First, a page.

On Wednesday it was 5 months to the day since we moved in.  I wanted to say we celebrated this, but perhaps it would be fairer to say we reflected on quite what we had done.  We also had our breakthrough, or two.  We created one doorway (by removing a blocked up window and low wall) from the room which was the bar cellar and will soon be the kitchen into the snug, soon to be the storeroom (do try to keep up there) and as if this wasn’t enough we then knocked a second doorway through from the cellar/kitchen into the bar/restaurant.  In case this description is not helpful, I hope the photos explain more clearly:

view from snug into cellar through newly created doorway
view from snug into cellar through newly created doorway
Photo from cellar showing doorway into snug (left) and doorway into restaurant (right)


In other news, the birds which looked like they were going to nest outside our bedroom window seem to have moved on, and they now appear to be nesting in the eaves, including the very decorative ones, along with a small army of other birds.  This will slightly upset our work schedule, since I was pencilled in to repair and repaint these eaves over the summer in an attempt to make the building look rather less ramshackle.  Quick revision: I am now hoping for a kind dry wind and an Indian summer this autumn to enable us to complete this work before the end of the year.

Stop press . . .feeling the heat in Wales

We woke to a rather wet Saturday morning, so had to alter our plans.  We were delighted to find that we could not see any water beneath the roof so it appears to be doing its job.  On top of the flat roof / balcony, there was some pooling of the water but some of this may correct as we complete the area.

Given the weather we resolved to fit the metal uprights to the edge of the roof, and then the railings to complete the safety barrier on the balcony edge.  It surprised us both how complex the mathematical discussions became when we tried to calculate exactly where each of the uprights should go, how far apart the rails should sit, and the angle at which the rails should be cut as the front railing bends to become the side railing.

Roof/balcony, now complete with railings -just a few finishing touches needed now
Roof/balcony, now complete with railings -just a few finishing touches needed

We also enjoyed the sight and sound of a local farmer working his two collie dogs as they darted like lightening around the landscape encouraging a flock of sheep to move from one field to another.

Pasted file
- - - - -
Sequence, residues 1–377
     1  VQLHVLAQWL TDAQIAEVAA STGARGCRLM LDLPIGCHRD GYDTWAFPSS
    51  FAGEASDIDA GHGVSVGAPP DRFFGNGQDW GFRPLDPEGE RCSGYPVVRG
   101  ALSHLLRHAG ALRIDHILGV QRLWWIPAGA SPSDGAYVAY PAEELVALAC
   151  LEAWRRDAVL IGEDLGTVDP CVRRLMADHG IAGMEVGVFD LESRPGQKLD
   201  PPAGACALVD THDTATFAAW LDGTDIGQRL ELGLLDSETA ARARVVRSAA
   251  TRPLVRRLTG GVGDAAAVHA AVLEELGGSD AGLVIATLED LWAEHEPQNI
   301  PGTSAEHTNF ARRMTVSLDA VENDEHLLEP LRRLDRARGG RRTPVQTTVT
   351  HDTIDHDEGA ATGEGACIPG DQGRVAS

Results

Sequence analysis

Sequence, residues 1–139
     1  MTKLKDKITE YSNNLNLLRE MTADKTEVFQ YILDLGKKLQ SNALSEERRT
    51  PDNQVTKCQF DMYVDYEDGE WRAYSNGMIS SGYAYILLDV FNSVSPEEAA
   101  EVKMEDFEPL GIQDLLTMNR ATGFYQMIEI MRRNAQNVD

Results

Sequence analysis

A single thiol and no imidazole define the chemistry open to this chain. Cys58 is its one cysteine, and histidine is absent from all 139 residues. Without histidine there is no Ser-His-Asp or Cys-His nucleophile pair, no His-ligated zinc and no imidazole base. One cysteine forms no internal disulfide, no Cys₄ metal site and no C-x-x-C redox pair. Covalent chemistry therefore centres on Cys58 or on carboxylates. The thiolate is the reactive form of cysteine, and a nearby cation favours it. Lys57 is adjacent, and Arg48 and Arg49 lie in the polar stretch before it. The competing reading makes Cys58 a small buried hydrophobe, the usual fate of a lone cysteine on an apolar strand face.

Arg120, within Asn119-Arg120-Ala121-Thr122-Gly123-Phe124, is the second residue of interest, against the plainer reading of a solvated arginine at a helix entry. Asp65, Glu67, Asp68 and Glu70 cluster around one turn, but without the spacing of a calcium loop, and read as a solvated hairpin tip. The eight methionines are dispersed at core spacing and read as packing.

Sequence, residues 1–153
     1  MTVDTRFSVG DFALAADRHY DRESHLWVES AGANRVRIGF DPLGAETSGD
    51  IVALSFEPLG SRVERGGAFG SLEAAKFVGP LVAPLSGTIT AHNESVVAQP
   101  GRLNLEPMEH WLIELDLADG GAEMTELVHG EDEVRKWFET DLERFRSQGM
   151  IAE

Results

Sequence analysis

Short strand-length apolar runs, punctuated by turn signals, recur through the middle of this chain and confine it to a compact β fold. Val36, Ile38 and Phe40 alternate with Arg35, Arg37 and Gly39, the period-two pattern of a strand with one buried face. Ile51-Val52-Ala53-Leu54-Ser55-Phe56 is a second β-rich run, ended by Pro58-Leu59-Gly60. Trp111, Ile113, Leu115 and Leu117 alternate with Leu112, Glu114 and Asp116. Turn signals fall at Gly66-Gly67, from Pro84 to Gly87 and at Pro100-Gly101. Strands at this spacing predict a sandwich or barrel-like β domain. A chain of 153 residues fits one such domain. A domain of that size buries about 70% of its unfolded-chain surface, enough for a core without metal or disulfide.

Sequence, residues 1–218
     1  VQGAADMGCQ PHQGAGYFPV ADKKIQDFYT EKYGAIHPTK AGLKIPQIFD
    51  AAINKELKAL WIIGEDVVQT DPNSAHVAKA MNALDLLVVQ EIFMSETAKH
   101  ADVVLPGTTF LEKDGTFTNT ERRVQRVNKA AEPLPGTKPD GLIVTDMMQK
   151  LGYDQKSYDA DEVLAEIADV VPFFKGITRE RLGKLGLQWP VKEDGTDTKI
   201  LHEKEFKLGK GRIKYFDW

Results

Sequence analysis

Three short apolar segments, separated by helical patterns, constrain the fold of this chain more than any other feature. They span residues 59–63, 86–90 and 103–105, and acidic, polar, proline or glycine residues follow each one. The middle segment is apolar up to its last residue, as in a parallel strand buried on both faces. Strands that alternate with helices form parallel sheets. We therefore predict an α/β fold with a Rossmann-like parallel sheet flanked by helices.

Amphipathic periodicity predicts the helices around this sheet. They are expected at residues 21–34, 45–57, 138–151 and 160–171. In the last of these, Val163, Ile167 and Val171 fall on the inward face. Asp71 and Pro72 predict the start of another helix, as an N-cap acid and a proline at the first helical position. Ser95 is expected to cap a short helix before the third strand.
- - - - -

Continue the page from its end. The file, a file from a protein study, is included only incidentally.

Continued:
Towards the end of the afternoon, as the weather cleared, I sloped off for a little light gardening.  We think the particular area concerned is made up from building rubble and sand which have been dumped over rock to a depth of up to 25cm.  After our work here on Friday, and having reflected on what we found, I tweaked the precise position of some of the herb pots behind the bar and then added some azaleas and rhododendrons in a nearby zone.  Throughout the time I was pulling the rubble/sand mix so that it forms a pleasing gradient rather than a random chaotic series of level changes down to the back of the building.

This morning, following some very heavy rain last night, we were gratified to find that the plants and most of the soil had stayed where we put them, as I had been worried we would find a sad muddy heap at the base of the slope.  As a consequence of the fun I had yesterday, I decided to continue to exercise my green fingers today and planted up several troughs ready for them to be placed on the balcony (between the metal uprights) in a couple of months to form a blaze of colour which we hope will be visible from the road and make the house look more cared for when the restaurant opens.

Meanwhile Mike, as is his wont (which may have been long and felt), constructed the first of his two ‘economy bee hives’, working at one of the new A frame tables, in the glorious spring weather.  It made us very grateful we were having a quiet day and not, like our eldest daughter Charley, running the Leeds half marathon in blazing sunshine!

Charley, hot and bothered finishes Leeds half marathon in 20+ degrees
Charley, hot and bothered, finishes Leeds half marathon in 20+ degrees